Three years ago I took up running. I ran three half marathons with each race improving my time. My first was the Miami Beach half.  A stunning run along the famous South Beach Ocean Drive resulted in a finishing time of 1:44. I ranked 117 overall (out of 1,820) and 8th in my age group. Not bad for my first half.  My next race was the Halloween Half in Miami Beach.  With little prep, besides a painted face and half baked batman costume, I placed #25 overall and 5th in my age bracket by shaving 5 minutes off my time (1:39). My 3rd race was the Ft. Lauderdale A1A. Every February this race draws large crowds of runners to a destination run along the water. Being a larger race, and now 30, put me into a tougher age bracket, making my rank drop faster than ball on NYE. But I shaved 4 min off my time so I must be getting better.

I moved to NYC and picked my running up but my training pace was stuck in 7:30-7:40 and not improving. I exhausted effort — ran more often, further, and harder but the runs never got easier and my pace never got better. Each race, I found a way to justify my performance was improving.

Our brain tricks us into thinking we are making progress…

Our brain is not designed to effectively interpret personal progress, change and growth. Change is the total ways we have grown better and worse. Unfortunately this is not how we perceive change. When we reflect upon how we have changed over time our brain selectively recalls ways which we have improved. We remember the days we had a great run but forget the days we skipped a run, or had a bad run.

Our perception of “change” is not an objective total sum of forward progress minus backward progress. Rather we interpret change by bringing to mind only instances where we have improved and neglecting other trajectories (e.g., failures) that we have also experienced.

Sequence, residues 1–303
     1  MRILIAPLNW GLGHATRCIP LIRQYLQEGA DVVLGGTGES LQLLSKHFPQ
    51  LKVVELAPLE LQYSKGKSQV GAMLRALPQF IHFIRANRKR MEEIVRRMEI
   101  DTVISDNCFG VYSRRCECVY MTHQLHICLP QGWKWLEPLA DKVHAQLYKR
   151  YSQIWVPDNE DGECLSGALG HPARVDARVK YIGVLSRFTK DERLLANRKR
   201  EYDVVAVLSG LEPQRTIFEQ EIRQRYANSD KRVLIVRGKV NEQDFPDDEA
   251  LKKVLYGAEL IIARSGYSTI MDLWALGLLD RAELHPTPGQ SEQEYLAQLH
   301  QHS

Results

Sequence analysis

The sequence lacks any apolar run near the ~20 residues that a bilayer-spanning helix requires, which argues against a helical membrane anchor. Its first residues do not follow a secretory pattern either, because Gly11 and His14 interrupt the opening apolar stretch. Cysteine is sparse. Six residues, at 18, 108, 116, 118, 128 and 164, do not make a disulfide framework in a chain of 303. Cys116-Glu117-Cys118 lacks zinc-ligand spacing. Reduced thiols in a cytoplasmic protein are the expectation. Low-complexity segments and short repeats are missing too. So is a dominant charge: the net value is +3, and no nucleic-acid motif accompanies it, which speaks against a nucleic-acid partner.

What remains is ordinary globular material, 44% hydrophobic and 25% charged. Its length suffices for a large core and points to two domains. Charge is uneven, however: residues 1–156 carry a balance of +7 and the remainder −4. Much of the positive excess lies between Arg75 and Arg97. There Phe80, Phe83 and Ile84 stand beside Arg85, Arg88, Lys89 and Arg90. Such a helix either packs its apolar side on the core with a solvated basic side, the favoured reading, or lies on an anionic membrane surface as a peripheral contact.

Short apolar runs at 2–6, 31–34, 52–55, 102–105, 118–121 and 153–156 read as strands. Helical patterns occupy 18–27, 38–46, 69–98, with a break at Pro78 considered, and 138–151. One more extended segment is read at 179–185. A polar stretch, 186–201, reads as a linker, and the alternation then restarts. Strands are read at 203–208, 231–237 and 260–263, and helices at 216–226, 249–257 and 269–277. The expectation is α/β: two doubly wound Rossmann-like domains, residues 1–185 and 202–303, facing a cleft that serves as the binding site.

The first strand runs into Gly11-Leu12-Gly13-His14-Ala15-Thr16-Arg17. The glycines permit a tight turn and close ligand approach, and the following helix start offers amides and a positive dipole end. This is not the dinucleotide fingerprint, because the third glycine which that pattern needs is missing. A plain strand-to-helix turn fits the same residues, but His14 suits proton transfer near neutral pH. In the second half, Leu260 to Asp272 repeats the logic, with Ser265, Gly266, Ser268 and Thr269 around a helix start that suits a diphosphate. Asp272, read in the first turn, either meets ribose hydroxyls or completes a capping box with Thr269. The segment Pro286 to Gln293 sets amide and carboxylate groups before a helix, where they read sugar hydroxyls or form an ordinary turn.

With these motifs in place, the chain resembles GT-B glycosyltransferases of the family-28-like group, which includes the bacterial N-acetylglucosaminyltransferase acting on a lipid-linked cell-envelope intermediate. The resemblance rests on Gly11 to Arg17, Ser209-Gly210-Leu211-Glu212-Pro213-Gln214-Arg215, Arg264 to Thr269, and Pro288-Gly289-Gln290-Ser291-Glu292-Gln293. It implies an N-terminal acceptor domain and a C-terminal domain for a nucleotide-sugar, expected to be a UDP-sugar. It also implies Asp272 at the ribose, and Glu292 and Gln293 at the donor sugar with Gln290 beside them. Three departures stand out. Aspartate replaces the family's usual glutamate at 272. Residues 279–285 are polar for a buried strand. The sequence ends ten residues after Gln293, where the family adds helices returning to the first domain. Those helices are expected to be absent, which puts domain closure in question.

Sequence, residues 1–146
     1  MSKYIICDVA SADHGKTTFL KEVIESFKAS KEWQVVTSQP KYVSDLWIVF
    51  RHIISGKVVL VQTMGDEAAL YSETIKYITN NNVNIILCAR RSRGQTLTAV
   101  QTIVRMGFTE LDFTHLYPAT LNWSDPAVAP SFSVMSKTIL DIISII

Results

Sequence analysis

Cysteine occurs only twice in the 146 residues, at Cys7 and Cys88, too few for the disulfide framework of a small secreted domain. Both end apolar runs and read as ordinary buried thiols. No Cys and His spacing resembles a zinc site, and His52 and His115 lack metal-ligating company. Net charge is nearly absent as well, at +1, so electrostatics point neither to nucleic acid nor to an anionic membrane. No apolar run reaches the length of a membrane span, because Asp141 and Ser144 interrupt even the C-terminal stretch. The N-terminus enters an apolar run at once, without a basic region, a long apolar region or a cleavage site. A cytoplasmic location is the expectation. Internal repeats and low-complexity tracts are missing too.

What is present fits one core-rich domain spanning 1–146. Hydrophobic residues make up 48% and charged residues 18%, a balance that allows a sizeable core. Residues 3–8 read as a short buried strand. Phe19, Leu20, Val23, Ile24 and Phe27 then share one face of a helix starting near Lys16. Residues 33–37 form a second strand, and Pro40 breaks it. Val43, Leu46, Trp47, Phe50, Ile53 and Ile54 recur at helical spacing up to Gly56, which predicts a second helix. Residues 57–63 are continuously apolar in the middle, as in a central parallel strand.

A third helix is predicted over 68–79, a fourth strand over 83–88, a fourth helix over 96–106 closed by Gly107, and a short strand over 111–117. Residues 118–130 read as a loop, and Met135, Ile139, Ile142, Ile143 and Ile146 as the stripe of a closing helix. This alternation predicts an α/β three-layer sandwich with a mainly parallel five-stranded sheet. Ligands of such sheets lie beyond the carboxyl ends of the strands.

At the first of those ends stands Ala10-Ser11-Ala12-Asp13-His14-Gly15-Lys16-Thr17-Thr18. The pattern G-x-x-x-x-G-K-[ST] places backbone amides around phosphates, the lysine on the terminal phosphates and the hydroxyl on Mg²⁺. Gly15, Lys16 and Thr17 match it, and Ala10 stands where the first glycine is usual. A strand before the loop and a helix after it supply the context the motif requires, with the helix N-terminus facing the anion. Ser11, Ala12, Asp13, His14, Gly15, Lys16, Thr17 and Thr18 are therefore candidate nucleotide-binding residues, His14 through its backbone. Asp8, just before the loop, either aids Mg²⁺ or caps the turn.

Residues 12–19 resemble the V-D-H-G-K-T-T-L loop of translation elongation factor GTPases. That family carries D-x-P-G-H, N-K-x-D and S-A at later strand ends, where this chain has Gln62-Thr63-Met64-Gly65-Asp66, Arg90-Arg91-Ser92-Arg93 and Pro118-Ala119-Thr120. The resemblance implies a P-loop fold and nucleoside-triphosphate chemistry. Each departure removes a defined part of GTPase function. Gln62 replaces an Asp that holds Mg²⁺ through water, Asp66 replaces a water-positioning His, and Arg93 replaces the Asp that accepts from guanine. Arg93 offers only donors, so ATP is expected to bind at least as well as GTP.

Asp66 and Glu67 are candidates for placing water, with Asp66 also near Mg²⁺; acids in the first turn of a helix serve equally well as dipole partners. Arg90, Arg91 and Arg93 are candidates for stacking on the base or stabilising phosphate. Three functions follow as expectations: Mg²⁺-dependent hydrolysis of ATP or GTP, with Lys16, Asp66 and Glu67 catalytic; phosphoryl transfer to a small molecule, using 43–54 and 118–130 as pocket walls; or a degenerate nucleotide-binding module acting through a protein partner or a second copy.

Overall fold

Our brains are not good at assessing our own progress and change. We selectively interpret events giving us the perception we learning, growing, changing, but in reality we may be spinning our wheels.

A good way to think of how our brain interprets change is how we look at reviews to buy a product. Instead of looking at all the reviews, we selectively look at the 5 star reviews to support our premise to purchase.

Overcoming our Change Bias…

Our mind is wired for progress, positivity and self-improvement. Optimism and self-enhancement motives are fundamental for normal psychological functioning, but also may lead us to (mis)interpret our past success and personal growth. Our brain can delude us into thinking we are making progress but are really not.  To overcome our change bias we should calibrate our progress against realistic benchmarks of success.

4 Ways to Make Change Effective

1. Use Objective Measures. 

Put things you want to change or improve into terms that are quantifiable. I want to lose weight, run faster or eat healthier are unobtainable. Instead, put into numbers and map to a time…Speak at 3 conferences this year, run a sub 3 hour marathon this November, publish 2 articles this quarter, eat 200 less calories. What gets measured gets managed.

2. Record Key Metrics.

Write everything down. Don’t rely on memory to keep tabs of progress and change. If we rely on memory, our brain will find some way to rationalize we were successful. Use tools, technology, or apps to aid in recording progress.

3. Diary failures.

Nobody’s life is a persistent fleet of positive experiences and outcomes. Success is a struggle. Any change worth achieving requires some slip ups or “mini-fails”. Experience failure, document it, learn from it. Be honest with yourself.

4. Have others interpret Change Success.

No individual is capable of understanding nor maximizing their full potential. By having someone set your upper limits of what you are capable of, adjust expectations and interpret progress from there – we can amplify change success.

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